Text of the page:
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Shezad Malik MD JD
Shezad Malik MD JD
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New York Bard IVC Filter Migration & Perforation Lawsuit

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Personal injury and defective product liability lawsuits, are being filed on the behalf of patients who developed potentially life threatening injuries after treatment with the inferior vena cava (IVC) filter device. The latest lawsuit, alleges that the Bard G2 Express IVC filter migrated and punctured the Inferior Vena Cava.

NBC News Expose About Dangers with the IVC Filters

Recently, an NBC News Investigation raised questions about the Bard Recovery blood-clot filter, a medical device implanted in thousands of Americans at risk for blood clots.

The television program, aired in 2 episodes, noted that the device was linked to at least 27 deaths and over 300 other non-fatal injuries. The second report questioned how the filter device received FDA clearance and alleged that a key signature on the application may have been forged.

New York Bard G2 Express Lawsuit

The lawsuit by Michelle Mercurio from New York, claims that a Bard G2 Express filter, implanted into her inferior vena cava to reduce the risk of pulmonary embolism, punctured the vein, causing serious injury.

Mercurio filed in the U.S. District Court for the Western District of New York in September, and listed C.R. Bard and Bard Peripheral Vascular, Inc., as defendants. Mercurio received the Bard G2 Express IVC filter in October 2009, because she had a history of deep vein blood clots and was to undergo gastric bypass surgery. This device was used to prevent any new leg blood clots from traveling to the lungs.

Five years later, Mercurio was diagnosed with G2 IVC filter migration and puncture of the vena cava, after she complained of abdominal pain. Mercurio’s physician concluded that removing the IVC filter was too risky. To this date, Mercurio still has Bard G2 Express IVC filter in her body, and is faced with a increased risk of further injury from the defective device.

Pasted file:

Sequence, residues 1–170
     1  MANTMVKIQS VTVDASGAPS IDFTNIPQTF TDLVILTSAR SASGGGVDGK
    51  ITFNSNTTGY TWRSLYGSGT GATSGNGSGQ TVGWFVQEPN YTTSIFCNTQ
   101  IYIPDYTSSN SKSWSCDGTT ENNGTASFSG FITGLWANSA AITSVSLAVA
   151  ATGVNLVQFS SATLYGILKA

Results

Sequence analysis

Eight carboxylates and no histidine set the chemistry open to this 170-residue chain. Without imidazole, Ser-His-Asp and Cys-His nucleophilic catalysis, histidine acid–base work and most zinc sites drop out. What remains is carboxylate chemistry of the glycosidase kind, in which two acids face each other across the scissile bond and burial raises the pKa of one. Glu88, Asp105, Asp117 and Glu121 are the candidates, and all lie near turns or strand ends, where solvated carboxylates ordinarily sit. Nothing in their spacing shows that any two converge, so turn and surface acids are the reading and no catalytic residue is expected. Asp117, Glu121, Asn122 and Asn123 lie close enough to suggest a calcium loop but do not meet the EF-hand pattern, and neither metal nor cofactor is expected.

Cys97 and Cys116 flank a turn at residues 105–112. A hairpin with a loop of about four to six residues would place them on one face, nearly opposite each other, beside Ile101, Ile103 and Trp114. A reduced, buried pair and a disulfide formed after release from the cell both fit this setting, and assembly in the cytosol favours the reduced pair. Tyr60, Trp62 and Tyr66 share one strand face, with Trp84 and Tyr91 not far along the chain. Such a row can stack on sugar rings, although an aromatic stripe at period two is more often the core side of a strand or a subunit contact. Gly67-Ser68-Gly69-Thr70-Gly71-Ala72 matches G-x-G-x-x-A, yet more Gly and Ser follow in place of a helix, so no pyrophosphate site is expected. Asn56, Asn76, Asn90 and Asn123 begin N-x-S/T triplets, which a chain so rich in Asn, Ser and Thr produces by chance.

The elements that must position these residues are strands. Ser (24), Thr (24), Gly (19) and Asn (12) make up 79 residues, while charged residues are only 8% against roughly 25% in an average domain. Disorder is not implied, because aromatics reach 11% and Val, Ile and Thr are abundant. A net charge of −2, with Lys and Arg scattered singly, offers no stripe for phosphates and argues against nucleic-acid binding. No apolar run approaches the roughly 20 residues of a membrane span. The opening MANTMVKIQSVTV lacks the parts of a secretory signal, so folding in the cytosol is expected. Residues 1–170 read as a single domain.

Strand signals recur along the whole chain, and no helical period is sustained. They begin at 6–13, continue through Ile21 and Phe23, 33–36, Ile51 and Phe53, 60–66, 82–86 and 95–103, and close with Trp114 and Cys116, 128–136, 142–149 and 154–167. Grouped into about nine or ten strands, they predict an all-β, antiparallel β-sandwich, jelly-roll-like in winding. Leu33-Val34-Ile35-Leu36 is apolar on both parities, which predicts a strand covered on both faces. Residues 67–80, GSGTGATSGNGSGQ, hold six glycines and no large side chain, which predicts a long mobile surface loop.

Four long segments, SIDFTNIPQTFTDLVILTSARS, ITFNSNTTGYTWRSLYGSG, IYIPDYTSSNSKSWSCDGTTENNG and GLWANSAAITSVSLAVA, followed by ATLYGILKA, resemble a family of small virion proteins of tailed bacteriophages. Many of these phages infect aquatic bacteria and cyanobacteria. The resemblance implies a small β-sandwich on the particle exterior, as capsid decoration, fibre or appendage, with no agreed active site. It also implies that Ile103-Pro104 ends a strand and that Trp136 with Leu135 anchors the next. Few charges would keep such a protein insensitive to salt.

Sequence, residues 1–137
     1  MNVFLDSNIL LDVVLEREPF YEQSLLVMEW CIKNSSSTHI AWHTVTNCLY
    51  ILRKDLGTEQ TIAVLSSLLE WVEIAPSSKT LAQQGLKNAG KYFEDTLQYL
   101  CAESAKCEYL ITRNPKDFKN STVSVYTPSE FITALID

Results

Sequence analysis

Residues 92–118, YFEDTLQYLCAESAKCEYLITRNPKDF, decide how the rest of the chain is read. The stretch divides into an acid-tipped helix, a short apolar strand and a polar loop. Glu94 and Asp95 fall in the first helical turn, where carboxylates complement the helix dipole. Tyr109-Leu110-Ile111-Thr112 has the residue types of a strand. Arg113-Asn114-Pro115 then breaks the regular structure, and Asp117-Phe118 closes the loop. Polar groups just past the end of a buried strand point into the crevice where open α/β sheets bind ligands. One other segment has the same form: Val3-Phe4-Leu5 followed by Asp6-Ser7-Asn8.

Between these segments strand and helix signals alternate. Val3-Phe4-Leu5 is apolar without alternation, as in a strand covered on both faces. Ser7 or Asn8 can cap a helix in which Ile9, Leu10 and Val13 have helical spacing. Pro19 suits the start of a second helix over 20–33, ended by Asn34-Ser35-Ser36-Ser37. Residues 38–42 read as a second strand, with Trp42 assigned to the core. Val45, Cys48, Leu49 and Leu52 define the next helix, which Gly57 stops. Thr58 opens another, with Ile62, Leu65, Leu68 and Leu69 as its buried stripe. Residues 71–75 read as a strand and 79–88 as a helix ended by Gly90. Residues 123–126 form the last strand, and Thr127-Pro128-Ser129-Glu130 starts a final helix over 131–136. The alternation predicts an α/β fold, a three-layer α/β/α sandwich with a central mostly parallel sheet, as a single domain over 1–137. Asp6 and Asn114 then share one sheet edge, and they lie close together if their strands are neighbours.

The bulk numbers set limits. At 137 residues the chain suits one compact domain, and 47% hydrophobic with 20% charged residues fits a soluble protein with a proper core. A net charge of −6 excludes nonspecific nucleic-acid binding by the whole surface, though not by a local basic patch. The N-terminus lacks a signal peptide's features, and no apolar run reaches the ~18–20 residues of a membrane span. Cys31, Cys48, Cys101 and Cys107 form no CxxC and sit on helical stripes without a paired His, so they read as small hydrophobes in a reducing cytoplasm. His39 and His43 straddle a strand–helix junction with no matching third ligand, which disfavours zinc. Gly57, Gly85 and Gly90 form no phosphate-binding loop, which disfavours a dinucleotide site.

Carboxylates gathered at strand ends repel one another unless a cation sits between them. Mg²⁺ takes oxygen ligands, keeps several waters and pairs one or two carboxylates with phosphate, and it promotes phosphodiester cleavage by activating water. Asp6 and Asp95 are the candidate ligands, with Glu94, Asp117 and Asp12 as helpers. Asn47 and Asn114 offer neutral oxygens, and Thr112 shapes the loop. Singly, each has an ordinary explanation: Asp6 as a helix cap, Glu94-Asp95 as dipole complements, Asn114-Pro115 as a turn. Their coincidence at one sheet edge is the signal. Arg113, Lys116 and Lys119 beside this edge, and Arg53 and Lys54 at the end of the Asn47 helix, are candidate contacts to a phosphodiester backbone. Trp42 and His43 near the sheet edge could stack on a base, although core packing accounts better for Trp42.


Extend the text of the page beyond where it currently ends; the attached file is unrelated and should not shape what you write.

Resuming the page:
What is the Bard G2 Filter?

The Bard G2 Express IVC filter is designed as a multi-pronged metal device to “trap” blood clots that may break free from the leg veins before they can reach the lungs and cause a pulmonary embolism. Recently, experts have sounded alarm over the risk of side effects from IVC blood clot filters, which can move out of place, damage the vena cava, or even break apart causing metal fragments perforate the heart or lungs.

Bard IVC Filter Complications

The G2 filter is the second generation version of the Bard Recovery filter, which is known to have fracturing, migration complications and very high failure rate. The plaintiffs claim that Bard knew the filter design was defective, knew about filter fractures and migration, but continued selling it anyway, after making minor changes and slapping on the G2 filter label.

The lawsuits also allege that Bard failed to warn doctors about the risks of complications associated with the Bard G2 filter and Bard Recovery filter.

FDA Warnings & IVC Filter Litigation Update

The FDA warned in August 2010, about the risk of retrievable filter problems, noting that the agency had received hundreds of adverse event reports where filters broke free and traveled to other areas of the body or caused other injury.

In May 2014, the FDA cautioned doctors to remove IVC filters within about one to two months after the risk of a pulmonary embolism has passed, noting that many doctors were not adequately warned about the importance of retrieving the devices.

Sadly, the FDA has not recalled these devices after issuing multiple warnings.

Recently, all Bard G2 and Bard Recovery IVC filter lawsuits, were centralized as part of a MDL, or multidistrict litigation, in the federal court system, before U.S. District Judge David G. Campbell in the District of Arizona for pretrial proceedings.

A similar MDL was created to centralize all IVC lawsuits filed against Cook Medical. Since October 2014, all Cook Celect and Cook Gunther Tulip IVC filter lawsuits have been consolidated before U.S. District Judge Richard L. Young in the Southern District of Indiana.